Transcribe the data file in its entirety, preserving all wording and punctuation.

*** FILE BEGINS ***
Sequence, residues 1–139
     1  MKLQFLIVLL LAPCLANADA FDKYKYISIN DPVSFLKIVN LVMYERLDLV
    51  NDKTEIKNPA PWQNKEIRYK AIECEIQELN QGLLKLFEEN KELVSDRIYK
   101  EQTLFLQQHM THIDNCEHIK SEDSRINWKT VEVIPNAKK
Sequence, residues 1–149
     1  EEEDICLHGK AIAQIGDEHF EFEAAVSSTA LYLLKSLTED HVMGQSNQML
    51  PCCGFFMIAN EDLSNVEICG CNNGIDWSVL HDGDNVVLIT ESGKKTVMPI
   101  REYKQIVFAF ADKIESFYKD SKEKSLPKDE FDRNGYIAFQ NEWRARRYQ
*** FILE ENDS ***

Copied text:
Sequence, residues 1–139
     1  MKLQFLIVLL LAPCLANADA FDKYKYISIN DPVSFLKIVN LVMYERLDLV
    51  NDKTEIKNPA PWQNKEIRYK AIECEIQELN QGLLKLFEEN KELVSDRIYK
   101  EQTLFLQQHM THIDNCEHIK SEDSRINWKT VEVIPNAKK
Sequence, residues 1–149
     1  EEEDICLHGK AIAQIGDEHF EFEAAVSSTA LYLLKSLTED HVMGQSNQML
    51  PCCGFFMIAN EDLSNVEICG CNNGIDWSVL HDGDNVVLIT ESGKKTVMPI
   101  REYKQIVFAF ADKIESFYKD SKEKSLPKDE FDRNGYIAFQ NEWRARRYQ